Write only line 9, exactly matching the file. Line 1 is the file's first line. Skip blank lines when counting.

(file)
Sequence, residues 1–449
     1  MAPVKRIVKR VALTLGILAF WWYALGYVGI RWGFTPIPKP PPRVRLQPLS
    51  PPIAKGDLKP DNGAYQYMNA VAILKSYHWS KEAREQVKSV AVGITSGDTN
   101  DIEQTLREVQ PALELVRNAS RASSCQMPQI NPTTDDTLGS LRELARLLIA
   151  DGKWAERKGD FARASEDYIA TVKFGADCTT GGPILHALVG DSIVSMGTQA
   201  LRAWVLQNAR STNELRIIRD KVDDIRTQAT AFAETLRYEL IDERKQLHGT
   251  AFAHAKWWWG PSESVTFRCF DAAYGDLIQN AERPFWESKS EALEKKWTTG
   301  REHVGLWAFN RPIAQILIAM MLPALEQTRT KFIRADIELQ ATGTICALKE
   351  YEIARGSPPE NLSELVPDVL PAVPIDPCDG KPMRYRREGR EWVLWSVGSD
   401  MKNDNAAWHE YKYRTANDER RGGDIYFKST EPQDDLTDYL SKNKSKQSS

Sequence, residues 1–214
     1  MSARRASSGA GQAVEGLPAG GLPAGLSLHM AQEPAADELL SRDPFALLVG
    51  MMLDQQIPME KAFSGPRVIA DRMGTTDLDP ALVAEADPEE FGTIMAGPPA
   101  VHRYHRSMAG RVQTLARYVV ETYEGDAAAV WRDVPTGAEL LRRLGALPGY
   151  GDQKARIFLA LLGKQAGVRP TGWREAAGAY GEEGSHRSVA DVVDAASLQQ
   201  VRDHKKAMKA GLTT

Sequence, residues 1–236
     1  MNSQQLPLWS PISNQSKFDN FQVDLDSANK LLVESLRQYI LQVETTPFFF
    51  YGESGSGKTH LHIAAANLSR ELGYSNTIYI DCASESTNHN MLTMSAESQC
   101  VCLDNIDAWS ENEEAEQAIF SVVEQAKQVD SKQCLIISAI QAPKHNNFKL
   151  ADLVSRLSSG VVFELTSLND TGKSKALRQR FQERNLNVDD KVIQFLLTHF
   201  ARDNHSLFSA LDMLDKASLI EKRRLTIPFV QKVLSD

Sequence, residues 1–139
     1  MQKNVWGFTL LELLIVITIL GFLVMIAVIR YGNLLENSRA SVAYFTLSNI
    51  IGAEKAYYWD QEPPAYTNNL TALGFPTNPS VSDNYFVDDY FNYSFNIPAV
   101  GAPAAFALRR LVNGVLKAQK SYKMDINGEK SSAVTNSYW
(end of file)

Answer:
   351  YEIARGSPPE NLSELVPDVL PAVPIDPCDG KPMRYRREGR EWVLWSVGSD